What the heck is up with the Indie Games section on Xbox Live recently? You might not have been following it very closely since its reputation has been pretty well established. Well, defying the odds, a number of solid indies have dropped in the last few months. Games like Leave Home, Pixel!, Office Politics, Along Came a Spider, Gerbil Physics and Kodu Game Lab are easily worth their $1 to $3 asking price. An tiny oasis in a desert of ugh you might say, but if Pixel Friends' Pixel Boarder is any indication, the future is bright.
Pixel Boarder is a physics based snowboarding game that requires the player to maintain balance and momentum until he reaches the bottom of a course. The boarder is controlled exclusively with the analog sticks, assigned to the left and right halves of the boarder. By leaning left and right, the player can shift the boarder's weight on the board to navigate obstacles and execute tricks. The challenge lies in staying on the board through successively more difficult courses. To be sure, the game doesn't break any new ground. There are a multitude of flash games that are established on these gameplay conceits. The camera position that allows you to only see the next immediate challenge in your path recalls the 3/4th perspective of Trials HD.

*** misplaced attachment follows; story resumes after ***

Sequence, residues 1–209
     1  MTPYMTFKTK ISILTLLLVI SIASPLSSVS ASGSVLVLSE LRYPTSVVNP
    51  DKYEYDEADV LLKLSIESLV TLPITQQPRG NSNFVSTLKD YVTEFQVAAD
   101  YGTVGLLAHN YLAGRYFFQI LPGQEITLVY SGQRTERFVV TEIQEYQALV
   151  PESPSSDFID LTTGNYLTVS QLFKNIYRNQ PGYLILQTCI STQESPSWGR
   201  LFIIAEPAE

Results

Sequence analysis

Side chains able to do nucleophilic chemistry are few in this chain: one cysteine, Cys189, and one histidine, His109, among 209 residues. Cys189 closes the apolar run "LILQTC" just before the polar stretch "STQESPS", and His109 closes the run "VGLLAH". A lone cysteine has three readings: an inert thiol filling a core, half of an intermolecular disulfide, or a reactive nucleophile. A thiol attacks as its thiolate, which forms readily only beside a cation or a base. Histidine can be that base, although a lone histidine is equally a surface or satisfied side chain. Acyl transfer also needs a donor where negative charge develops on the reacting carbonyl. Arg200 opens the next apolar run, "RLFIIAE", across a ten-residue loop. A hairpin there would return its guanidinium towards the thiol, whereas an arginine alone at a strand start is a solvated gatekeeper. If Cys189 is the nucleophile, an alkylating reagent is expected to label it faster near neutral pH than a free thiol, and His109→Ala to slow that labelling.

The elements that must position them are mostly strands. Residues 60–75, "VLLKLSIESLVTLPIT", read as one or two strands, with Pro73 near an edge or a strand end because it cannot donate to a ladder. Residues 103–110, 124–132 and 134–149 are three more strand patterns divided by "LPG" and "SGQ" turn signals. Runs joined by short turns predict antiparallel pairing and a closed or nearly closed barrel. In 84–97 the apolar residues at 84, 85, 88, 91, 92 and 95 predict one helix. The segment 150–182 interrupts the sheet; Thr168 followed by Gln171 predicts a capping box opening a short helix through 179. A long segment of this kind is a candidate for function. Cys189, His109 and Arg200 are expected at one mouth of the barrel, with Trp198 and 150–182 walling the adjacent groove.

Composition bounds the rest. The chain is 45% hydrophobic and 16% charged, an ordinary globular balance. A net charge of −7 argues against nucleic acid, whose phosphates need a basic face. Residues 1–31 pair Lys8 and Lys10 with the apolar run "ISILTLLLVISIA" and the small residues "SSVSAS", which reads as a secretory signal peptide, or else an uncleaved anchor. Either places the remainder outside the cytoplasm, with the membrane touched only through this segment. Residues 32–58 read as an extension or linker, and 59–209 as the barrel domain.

What makes Pixel Boarder compelling is the quality of its presentation, aesthetic and soundtrack. As the title suggests, the game is purposefully retro. Like early Playstation games, every polygon pops out in all its rectangular glory. Powder trails emanate from the back of your board in gray and white crosses and the ski lifts that dot the courses look like cardboard cutouts. Even the snow is pixellated. And if Playstation isn't retro enough, you can adjust the display to your desired amount of bits (8-bit is just about unplayable). An unusual amount of care went into modeling the boarders and tracks, evident in every aspect of the game's rudimentary appearance. To complement the aesthetic, Pixel Boarder has a large compilation of pretty stellar chiptune music from several different artists. The songs are catchy and relentlessly upbeat, even when you are falling on your ass rather hopelessly.
As much attention as has been spent making the game look out of date, Pixel Boarder has some unintentionally rough edges. For one, your boarder's weight seems to be distributed evenly and inexplicably throughout his body. As you can only control body parts, this becomes a painstakingly delicate process. If you don't land your jumps perfectly, you tip over. Then you have to flail helplessly while your fat head drags behind your board. Get used to hitting the retry button.
The other big issue is the slowdown that occurs without any warning or regularity during the course of a level. There doesn't seem to be a lot to render in Pixel Boarder, so the performance issue is a head-scratcher.
The reality is that enjoying the game isn't contingent upon the consistency of its physics or fine tuning. The huge relief that comes with completing a course can be relived through the game's amazingly intuitive replay system (weirdly enough, Pixel Boarder has the best replay menu that I've ever used), but the mirth of the game is in repeat attempts at high scores and fancy maneuvers. The courses are varied enough in scale and difficulty that they stay interesting, although nothing is too challenging except the "Master thesis" course. And really, 240 points is a pittance for what the game offers. Let it stand as an example for what to expect from the Indie games channel.